Tag Archives: London 2012

Olympic Park from the air

Following on from last week’s post about my visit to The Orbit, I thought it’d be nice to post a couple of other views of the Olympic Park that I’ve taken recently.

First up is an aerial shot of the park that I took on a recent flight back into London. We flew in early on a sunday morning, and were lucky enough to have a fantastically clear view of the city, including flying right over the Olympic Park.

London Olympic Park from the air
(Click the image to see a larger version)

The Olympic Stadium itself is in the centre of the photo, and immediately to its left are the Orbit, Aquatic Centre and Water Polo Arena. Towards the bottom left of the photo is the Olympic Village. To the right of the village is a large, white box which is the Basketball Arena; to the right of that is the curved roof of the Velodrome, probably the most attractive of all the Olympic venues. To the far right of the picture you can just about see the Hockey pitches, right in front of the huge International Broadcast Centre.

You can get a clearer picture of the park’s layout from my second photo, which is a model of the Olympic Park, part of New London Architecture’s huge model of Central London (which is well worth a visit if you’ve never been). This photo is oriented with the southern end of the park (the Olympic Stadium) to the right, and the northern end (with the Velodrome) to the left.

London 2012 Olympic Park model

You can see the rest of my Olympic photos here.

Advertisements

Looking down on the Olympic Park from the Orbit

Earlier today I was incredibly lucky to be one of the first people to go up the Orbit. Even before the Olympics has started, it’s already become one of the most recognisable structures in the Olympic Park, and is no doubt soon to become familiar to people around the world, as it’s bound to feature prominently in TV broadcasts from the park once the games begin (especially as there aren’t that many spectacular buildings in the park).

The ArcelorMittal Orbit

The Orbit from inside the Olympic Park

Getting in was no different to the procedure that would be familiar to anyone who’s been to a test event in the park recently – arrive from Stratford, and cross the road to go through the efficient and friendly airport-style security. Once through it was a short walk in between the Aquatic Centre & Water Polo Arena, over the river via footbridge, and there it was.

The Orbit from underneath

You can see the central hole in the viewing platform from underneath

The biggest surprise on arrival is that there’s a strange rusty iron bell hanging out of the bottom (the Guardian’s art critic described it as an arse – I can’t see it myself). Just behind that is a little structure that contains the lift the whisks you quickly up to the top.

The Orbit, London Olympic Park 2012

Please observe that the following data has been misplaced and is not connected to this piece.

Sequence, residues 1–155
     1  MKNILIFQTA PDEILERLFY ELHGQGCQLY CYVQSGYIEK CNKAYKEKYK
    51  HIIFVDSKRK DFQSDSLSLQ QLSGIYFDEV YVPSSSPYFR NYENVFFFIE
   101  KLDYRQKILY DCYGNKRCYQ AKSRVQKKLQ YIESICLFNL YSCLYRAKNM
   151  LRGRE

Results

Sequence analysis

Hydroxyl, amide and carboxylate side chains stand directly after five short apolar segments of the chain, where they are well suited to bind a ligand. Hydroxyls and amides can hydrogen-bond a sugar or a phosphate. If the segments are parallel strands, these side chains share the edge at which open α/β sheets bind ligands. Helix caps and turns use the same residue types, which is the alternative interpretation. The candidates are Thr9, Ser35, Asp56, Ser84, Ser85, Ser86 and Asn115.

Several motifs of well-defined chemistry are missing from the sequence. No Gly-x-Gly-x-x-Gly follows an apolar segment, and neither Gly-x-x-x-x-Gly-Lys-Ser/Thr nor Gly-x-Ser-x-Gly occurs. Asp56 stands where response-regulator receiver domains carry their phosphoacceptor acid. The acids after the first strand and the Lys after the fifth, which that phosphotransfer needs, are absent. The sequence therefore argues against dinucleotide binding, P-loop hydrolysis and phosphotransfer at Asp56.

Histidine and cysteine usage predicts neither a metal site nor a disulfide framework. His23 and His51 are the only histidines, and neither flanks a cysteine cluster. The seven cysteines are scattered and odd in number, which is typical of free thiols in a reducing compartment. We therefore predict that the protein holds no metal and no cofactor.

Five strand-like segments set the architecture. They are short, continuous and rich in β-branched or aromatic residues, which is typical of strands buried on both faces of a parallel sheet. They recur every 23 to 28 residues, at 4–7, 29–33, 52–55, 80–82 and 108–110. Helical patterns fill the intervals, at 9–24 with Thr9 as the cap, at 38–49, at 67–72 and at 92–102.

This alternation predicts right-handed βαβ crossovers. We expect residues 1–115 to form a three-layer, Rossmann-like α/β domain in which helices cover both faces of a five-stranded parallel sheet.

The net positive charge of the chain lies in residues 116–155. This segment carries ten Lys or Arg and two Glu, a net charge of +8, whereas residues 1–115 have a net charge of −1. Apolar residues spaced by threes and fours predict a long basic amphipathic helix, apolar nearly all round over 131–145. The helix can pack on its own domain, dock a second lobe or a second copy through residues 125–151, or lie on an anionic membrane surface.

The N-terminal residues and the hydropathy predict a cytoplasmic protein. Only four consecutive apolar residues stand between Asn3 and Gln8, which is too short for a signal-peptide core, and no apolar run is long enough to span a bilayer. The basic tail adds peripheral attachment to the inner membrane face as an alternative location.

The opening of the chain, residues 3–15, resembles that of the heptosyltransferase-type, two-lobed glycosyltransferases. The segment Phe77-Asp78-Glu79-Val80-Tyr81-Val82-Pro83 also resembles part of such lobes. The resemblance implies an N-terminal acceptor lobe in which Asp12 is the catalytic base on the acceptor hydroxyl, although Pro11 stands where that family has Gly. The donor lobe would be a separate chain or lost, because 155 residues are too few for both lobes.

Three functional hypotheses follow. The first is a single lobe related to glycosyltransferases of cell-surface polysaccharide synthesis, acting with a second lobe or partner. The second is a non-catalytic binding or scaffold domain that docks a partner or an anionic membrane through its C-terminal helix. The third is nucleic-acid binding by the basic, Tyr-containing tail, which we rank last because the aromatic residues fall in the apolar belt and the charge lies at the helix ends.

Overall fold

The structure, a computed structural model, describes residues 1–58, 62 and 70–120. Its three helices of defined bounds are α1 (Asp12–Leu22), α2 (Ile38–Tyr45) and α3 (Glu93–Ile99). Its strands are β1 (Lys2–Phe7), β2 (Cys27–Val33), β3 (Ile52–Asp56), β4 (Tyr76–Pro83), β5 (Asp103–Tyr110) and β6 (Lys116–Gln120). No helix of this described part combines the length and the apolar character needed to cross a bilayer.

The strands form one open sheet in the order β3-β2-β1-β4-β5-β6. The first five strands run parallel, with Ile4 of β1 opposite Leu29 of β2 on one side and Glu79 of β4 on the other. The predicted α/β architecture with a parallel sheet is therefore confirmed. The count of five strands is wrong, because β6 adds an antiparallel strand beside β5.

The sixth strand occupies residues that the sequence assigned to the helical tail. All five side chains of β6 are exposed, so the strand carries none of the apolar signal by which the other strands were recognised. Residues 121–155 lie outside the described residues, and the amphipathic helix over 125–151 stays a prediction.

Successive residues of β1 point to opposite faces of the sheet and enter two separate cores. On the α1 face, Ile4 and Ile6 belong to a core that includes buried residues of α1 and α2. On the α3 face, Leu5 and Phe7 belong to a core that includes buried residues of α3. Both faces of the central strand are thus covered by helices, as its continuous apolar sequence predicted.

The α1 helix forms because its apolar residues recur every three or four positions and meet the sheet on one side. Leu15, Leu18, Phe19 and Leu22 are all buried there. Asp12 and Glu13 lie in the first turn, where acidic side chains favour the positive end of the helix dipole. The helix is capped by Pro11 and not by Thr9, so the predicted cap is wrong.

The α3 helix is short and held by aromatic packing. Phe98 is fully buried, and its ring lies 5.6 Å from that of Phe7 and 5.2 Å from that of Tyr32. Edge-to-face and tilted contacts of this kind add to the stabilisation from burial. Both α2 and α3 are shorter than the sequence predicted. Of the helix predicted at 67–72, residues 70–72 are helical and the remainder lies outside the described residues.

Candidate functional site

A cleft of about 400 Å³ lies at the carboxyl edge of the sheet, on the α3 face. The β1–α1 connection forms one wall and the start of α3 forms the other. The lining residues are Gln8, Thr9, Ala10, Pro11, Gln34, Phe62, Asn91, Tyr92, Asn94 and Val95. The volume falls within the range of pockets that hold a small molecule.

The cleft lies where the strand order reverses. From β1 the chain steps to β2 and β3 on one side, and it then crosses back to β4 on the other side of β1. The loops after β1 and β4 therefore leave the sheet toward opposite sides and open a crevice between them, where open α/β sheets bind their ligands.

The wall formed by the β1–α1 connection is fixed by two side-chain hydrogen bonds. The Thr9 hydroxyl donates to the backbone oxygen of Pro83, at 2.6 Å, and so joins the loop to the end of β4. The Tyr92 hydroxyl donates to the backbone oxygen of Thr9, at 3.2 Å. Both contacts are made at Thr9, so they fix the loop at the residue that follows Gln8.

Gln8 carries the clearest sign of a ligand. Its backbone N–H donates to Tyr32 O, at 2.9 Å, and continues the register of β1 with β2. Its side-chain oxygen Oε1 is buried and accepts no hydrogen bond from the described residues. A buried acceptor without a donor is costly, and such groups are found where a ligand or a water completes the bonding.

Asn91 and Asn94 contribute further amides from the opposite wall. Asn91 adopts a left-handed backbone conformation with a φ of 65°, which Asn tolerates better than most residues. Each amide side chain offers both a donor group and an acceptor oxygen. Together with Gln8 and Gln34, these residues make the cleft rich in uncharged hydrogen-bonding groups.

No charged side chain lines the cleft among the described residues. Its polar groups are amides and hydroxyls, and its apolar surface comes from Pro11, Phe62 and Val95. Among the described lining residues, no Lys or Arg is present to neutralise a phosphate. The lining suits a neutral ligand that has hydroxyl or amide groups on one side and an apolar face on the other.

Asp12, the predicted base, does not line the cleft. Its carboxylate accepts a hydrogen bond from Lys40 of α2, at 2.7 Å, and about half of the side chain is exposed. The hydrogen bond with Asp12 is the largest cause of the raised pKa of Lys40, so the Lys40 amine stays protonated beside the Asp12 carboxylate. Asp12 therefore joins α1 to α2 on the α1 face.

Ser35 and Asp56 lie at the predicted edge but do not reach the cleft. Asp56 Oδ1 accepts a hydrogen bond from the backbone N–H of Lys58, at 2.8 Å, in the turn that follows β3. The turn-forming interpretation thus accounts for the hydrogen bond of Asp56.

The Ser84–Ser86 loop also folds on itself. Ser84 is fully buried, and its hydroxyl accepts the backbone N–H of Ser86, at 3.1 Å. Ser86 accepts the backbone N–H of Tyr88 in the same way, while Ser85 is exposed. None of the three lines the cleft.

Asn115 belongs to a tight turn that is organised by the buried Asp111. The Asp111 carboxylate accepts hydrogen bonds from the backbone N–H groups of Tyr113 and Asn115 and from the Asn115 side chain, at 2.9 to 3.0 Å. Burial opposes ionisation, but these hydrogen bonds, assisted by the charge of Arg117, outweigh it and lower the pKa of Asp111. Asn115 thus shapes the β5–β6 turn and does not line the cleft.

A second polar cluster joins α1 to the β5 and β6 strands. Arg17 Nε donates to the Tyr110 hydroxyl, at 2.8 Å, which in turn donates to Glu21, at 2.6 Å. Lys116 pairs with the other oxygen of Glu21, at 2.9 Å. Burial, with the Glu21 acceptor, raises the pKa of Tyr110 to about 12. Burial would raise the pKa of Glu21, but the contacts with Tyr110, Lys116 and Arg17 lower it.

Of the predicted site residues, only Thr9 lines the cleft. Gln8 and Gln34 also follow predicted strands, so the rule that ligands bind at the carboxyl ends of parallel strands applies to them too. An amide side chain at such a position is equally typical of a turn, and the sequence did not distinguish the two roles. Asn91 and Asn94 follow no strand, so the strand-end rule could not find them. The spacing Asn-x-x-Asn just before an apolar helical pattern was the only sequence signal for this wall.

Looks more like a bell than an arse to me, but then what do I know, I’m not an art critic

On reaching the top I was delighted to see that you can actually get outside into the open air, with two little balconies on either side, one of which has great views right into the Olympic Stadium next door – good enough that we even got a little sneak preview of the opening ceremony, as we could see a little grassy hill with a tree on it at one end of the stadium (you can read more about that, and see where the tree will sit here).

Olympic Opening ceremony preview - the tree in the London Olympic stadium

A sneak preview of the opening ceremony – a tree at one end of the London Olympic Stadium

The viewing platform itself is lovely – wide and spacious, with fantastic views on all sides. We were lucky enough to have clear skies tonight (especially given how grim the weather has been recently), so we had clear views all the way out to Wembley and beyond. In fact, with the O2, Excel, and Wembley all in sight you can see almost all of the major games venues from up here.

World's biggest McDonald's in London Olympic Park

The world’s largest McDonald’s, in front of the (L-R) Energy Centre, Copper Box – aka Handball Arena – and International Broadcast Centre

The platform also had one other surprise – inside are two other Anish Kapoor sculptures, huge curving mirrors not unlike the C-Curve mirror that was in London’s Kensington Gardens in 2010.

Anish Kapoor sculpture in the Orbit viewing Gallery

One of the two mirrors inside the viewing gallery

The biggest surprise of the day was how it changed how I feel about the sculpture. Beforehand I really couldn’t make up mind about it. Now I’ve been up, I’m a total convert. To see it at close hand, from underneath, from above, from inside, and from the stairs on the way down, is to experience it totally differently from seeing it from far away. The shape curves and twists in different directions, giving a different view from every angle. It’s incredibly solid but incredibly lightweight at the same time, with the slender struts leaving plenty of room for views in between.

Looking down on the Olympic Park from the Orbit

Looking down on the Olympic Park from inside the Orbit

Most people I’ve spoken to up til now have been pretty ambivalent about the Orbit, if not downright hostile. Based on tonight, I reckon that’ll change pretty rapidly. It may look like a big red squiggle, but close up the structure itself is fantastic, and the views even better, and I think Londoners are soon going to grow to love it.

You can see my full set of pictures of my Orbit visit here.